Cash transactions have been on the decline for decades and plummeted even more in recent years due to the pandemic. The amount of petty cash should not exceed a few hundred dollars, and it may even be much less based on the size of your company and your expected need. Make sure you keep a record of your petty cash float so you can perform petty cash reconciliations in the future. While most businesses usually have a strategy for managing general expenses, petty cash is often too small to be taken seriously. And when the petty cash custodian (aka your finance team) changes hands, the record-keeping is also likely to change, making it harder for auditors to follow. Without proper accountancy training, key stakeholders are left to their own devices on how to run the petty cash.
Next, total the amount of all the outstanding slips (plus attached receipts). This figure should be the same as the withdrawn sum you calculated from the account starting and ending balances. And the amount of cash you have in your storage box or drawer should be the same as the current balance of the account. Petty cash refers specifically to money—literally, coins and bills—that a company keeps on hand for small outlays, usually because using cash is easier than using a check or credit card. The Internal Revenue Service (IRS) recommends filing out petty cash slips and attaching them to receipts to record and document petty cash expenses. By having a petty cash cashier and a petty cash custodian, the dual-process helps to keep the funds secure and ensure that only those authorized have access to it.
This involves submitting a petty cash request form to the accounting department, along with receipts for any purchases made since the last replenishment. For example, a petty cash card for businesses makes each transaction trackable, and holds employees accountable for the small expenses that they are incurring. If every employee has access to petty cash, bad or nonexistent record keeping usually results.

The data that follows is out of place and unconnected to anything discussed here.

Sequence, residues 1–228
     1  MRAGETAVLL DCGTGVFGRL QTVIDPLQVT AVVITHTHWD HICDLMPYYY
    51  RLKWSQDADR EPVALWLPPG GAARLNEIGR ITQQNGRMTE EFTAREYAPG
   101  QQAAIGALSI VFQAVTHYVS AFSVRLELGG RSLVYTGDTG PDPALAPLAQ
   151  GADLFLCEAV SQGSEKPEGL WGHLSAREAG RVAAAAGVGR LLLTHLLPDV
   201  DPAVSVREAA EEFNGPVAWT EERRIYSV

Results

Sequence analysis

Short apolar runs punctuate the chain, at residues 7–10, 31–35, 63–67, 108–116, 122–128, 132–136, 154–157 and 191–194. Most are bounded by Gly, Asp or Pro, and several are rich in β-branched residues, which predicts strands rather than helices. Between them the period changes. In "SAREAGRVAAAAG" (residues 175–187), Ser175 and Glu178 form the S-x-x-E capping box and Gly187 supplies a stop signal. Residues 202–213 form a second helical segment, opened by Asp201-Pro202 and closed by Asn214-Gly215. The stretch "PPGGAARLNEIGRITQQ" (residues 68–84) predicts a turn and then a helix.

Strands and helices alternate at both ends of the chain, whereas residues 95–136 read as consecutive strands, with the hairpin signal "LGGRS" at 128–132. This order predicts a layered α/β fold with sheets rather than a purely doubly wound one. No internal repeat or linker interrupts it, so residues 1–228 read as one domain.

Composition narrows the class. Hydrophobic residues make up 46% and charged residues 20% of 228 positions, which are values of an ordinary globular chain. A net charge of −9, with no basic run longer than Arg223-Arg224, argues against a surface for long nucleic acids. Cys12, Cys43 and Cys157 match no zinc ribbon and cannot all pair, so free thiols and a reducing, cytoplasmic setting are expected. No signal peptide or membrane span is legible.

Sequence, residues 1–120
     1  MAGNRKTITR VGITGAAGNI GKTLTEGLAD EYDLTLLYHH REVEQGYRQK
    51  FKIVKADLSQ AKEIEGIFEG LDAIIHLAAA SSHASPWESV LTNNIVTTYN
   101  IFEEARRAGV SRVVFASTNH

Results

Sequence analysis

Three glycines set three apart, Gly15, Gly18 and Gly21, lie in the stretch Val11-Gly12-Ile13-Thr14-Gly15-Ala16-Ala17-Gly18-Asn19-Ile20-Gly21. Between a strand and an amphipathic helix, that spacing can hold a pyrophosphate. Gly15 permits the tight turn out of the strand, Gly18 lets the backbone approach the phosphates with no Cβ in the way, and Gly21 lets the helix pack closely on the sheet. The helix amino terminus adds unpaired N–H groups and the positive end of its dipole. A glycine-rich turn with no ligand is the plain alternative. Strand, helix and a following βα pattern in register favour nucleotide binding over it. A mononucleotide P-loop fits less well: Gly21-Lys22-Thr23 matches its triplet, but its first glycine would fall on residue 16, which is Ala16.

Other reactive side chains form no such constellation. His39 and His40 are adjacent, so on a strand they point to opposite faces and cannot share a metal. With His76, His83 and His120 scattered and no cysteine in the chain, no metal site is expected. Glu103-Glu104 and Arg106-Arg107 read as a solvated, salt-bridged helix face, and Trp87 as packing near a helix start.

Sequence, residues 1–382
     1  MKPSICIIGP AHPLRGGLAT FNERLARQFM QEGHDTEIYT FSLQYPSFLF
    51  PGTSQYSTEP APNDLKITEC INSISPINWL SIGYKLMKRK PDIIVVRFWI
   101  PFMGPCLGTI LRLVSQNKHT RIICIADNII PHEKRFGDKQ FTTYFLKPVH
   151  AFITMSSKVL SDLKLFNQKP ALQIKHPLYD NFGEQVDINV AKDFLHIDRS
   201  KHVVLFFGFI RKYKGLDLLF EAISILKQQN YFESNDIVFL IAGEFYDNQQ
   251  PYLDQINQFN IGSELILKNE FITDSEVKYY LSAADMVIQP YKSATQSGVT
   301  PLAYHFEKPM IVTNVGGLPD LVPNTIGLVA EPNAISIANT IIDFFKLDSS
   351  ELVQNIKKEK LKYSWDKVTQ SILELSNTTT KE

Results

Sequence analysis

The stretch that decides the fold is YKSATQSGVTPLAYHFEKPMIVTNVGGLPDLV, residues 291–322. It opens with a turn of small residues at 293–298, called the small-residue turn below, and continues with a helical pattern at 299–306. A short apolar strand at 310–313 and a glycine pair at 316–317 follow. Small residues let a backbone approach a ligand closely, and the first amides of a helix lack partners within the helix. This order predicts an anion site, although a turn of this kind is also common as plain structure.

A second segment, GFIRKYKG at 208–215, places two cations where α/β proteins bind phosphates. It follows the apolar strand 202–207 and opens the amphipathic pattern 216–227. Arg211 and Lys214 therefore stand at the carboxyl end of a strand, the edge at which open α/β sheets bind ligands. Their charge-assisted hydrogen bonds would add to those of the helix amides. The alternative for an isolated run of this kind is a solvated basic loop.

A petty cash fund between $100 and $500 is sufficient for many small businesses. Most people use petty cash for things like buying office supplies, paying for postage, and so on. Petty cash is a small amount of cash kept on hand to cover small, and often unexpected, expenses that pop up during a business day. You might use money from the petty cash fund to pay for minor expenses such as postage, Uber fares, or reimburse someone $10 for bringing in a box of donuts.
The QuickBooks blog covers a wide range of business-related topics – it’s all part of our mission to help small businesses grow. Jane stops to pick up two boxes of donuts, leaving her with $5 in her wallet. Fortunately, her office has a petty cash fund, which her boss immediately reimburses her from, so Jane doesn’t have to submit an expense report and wait petty cash for weeks to be reimbursed. Your postage machine just stopped working, and you need to send one of your employees to the post office fast to get some stamps. The only problem is she has no cash and her credit card is maxed out. Ideally, people in this role will be comfortable handling business expenses and have experience with financial statements.
As mentioned, petty cash can make things nice and convenient but does carry certain risks. If you follow some best practices, you can reduce the risks that come with petty cash, and protect yourself and your employees. Keeping a small amount of cash in your office or at your store makes it much easier for office managers, bookkeepers, and supervisors to cover occasional small purchases or expenses. As part of its 2022 annual report, Microsoft reported $104.8 billion of cash, cash equivalents, and investments as of June 30, 2022.
If you plan on establishing a petty cash fund, it’s essential to implement the policies detailed above. Taking such precautions can help prevent fraud, theft, https://www.bookstime.com/ and accidental misuse of your company’s funds. Whether you have a million dollars or a hundred, recommended accounting practices remain the same.